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Music Hall renovations get Historical Preservation Board approval; city one step closer to banning travel to North Carolina and Mississippi; Husted wants to overturn decision to keep primary polls open longer

Music Hall
Music Hall

Music Hall has gotten one big step closer to its $135 million facelift. The city's Historical Preservation Board voted unanimously on Monday to approve developer Music Hall Revitalization Co.'s plans. The 140-year-old landmark structure is set to close in June for a year to undergo major remodeling, and the board's decision means the developer can now apply for building permits from the city. The only details still pending city approval are small things like paint color, lighting and acoustic treatment, which must be checked off by city's historical conservation staff by July 1. Music Hall is technically owned by the city of Cincinnati, but is currently on lease to the Music Hall Revitalization Co. The city is planning to kick in $16 million for the renovations. 

• City Council's Budget and Finance Committee has approved a ban on all non-essential city-funded or city-sponsored travel to North Carolina and Mississippi. The committee approved the motion at Monday's meeting put forth by council members Chris Seelbach, P.G. Sittenfeld, Yvette Simpson, Wendell Young, Christopher Smitherman and Vice Mayor David Mann in a vote of 6-2. The ban is a way for Cincinnati to put pressure on North Carolina and Mississippi to reconsider newly created law laws that discriminate against LGBT people. North Carolina's law requires people to use the bathroom of the gender listed on their birth certificate. Mississippi's law allows businesses to refused to serve LGBT people if they object on religious grounds. Council is expected vote on the motion Wednesday.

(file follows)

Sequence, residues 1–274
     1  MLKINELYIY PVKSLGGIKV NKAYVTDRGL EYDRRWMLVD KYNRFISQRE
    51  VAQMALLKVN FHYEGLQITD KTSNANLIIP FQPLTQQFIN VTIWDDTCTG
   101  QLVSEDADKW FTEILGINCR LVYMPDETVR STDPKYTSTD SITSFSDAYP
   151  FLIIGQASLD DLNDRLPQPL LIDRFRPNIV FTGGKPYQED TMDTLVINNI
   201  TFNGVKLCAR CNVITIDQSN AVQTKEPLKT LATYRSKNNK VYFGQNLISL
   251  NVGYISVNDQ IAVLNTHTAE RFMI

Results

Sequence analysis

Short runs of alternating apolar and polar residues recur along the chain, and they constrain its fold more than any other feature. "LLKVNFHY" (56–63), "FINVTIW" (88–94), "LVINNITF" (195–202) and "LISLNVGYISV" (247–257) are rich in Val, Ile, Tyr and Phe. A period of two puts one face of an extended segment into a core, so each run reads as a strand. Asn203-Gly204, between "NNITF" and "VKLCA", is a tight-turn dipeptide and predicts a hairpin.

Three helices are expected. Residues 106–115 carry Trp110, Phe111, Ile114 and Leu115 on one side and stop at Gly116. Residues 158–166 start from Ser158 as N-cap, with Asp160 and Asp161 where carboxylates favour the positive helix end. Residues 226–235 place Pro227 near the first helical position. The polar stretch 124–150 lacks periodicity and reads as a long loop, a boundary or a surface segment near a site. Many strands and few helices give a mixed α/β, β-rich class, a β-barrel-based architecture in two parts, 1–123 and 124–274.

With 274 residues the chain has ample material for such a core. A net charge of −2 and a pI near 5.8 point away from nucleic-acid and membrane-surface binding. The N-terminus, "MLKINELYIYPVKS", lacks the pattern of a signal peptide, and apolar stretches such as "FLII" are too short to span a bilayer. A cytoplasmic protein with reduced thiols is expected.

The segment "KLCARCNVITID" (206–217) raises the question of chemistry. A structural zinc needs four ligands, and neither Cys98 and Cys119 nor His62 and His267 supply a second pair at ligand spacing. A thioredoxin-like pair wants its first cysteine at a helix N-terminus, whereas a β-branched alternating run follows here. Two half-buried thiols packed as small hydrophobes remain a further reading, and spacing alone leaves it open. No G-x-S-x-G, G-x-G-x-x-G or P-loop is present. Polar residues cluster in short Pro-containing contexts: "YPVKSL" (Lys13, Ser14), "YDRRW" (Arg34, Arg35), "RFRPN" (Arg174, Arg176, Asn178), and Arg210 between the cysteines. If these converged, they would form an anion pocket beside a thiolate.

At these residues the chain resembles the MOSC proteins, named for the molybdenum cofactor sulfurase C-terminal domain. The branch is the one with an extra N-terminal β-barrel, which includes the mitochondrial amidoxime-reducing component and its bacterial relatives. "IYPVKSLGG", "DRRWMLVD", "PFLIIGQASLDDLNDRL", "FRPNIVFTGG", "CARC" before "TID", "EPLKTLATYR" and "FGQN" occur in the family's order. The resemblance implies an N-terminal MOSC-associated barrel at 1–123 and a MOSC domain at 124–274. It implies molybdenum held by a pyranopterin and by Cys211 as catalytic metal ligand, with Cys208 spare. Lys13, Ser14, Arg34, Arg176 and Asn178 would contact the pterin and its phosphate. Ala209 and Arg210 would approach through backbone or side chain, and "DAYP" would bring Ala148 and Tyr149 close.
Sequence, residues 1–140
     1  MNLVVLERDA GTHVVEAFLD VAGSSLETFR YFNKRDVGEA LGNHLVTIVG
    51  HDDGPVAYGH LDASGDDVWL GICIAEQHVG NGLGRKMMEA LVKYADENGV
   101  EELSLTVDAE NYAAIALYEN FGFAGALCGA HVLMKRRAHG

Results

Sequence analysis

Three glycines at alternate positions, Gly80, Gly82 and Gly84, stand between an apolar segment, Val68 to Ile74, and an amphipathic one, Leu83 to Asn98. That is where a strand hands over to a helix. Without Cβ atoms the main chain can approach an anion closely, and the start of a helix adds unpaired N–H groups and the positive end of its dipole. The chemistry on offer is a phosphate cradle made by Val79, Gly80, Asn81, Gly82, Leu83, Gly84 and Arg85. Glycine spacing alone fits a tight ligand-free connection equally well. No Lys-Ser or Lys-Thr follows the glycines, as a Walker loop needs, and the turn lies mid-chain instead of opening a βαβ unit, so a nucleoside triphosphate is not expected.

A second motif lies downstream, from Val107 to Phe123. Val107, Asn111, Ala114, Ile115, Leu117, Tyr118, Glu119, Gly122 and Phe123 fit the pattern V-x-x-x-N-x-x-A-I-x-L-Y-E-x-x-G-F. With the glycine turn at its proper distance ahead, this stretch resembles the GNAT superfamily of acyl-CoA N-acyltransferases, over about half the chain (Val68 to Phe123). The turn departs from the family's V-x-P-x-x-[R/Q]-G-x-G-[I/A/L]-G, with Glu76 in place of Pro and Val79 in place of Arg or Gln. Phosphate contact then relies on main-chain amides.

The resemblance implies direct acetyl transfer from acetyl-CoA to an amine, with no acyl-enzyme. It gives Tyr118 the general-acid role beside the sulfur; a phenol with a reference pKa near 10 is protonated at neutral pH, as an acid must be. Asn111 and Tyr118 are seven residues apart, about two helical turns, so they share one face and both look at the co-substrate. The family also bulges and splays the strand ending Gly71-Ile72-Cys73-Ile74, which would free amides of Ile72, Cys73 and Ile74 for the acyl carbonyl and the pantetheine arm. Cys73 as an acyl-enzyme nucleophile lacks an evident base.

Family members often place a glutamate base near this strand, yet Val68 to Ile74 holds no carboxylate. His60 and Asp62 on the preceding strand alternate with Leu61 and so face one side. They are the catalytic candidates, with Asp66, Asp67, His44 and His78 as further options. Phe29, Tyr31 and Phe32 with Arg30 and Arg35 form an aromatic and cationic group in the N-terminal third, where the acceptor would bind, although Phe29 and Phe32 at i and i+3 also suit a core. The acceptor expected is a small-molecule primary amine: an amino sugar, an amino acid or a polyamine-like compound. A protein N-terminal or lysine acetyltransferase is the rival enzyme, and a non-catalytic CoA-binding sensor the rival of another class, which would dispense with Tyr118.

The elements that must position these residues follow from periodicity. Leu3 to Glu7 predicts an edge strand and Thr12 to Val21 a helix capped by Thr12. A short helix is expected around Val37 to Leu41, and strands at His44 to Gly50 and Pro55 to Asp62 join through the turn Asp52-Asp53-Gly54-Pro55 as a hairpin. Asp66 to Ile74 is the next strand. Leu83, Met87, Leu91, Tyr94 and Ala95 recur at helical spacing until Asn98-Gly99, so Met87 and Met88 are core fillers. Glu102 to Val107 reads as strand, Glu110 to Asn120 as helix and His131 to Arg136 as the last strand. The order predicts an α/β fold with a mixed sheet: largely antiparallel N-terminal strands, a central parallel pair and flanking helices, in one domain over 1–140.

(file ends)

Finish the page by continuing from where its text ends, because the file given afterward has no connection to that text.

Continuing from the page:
• Ohio Secretary of State Jon Husted wants to overturn a judge's March 15 order that kept polls open an additional hour in Hamilton, Clermont, Warren and Butler counties after a traffic accident tied up greater Cincinnati roads. U.S. District Judge Susan Dlott issued the order after a major accident on I-275 on the day of Ohio's presidential primary left many voters claiming they would be unable to reach polls by closing time. The decision was unusual because it was made quickly with no plaintiff and no hearing for evidence. Husted has called Dlott's intervention into the electoral process "unreasonable" and says he's appealing the order because he says he doesn't want to set a precedent with the presidential election on the horizon.

• Warren County transgender teen Leelah Alcorn's Tumblr post five days after her 2014 suicide made national headlines and sparked a national outcry about the controversial practice of conversion therapy, including a promise from President Barack Obama to support a ban. But at a Monday presidential campaign event in Troy, New York, Gov. John Kasich said he's never heard of her. Kasich's response reportedly was from a question about conversion therapy, and his spokesman Joe Andrews later explained Kasich's lapse in memory, saying that the GOP presidential hopeful couldn't recall every tragic death in the state. Last December, conversion therapy in Ohio made headlines again when Cincinnati became the second city in the country after Washington, D.C. to pass a law banning the practice.                                

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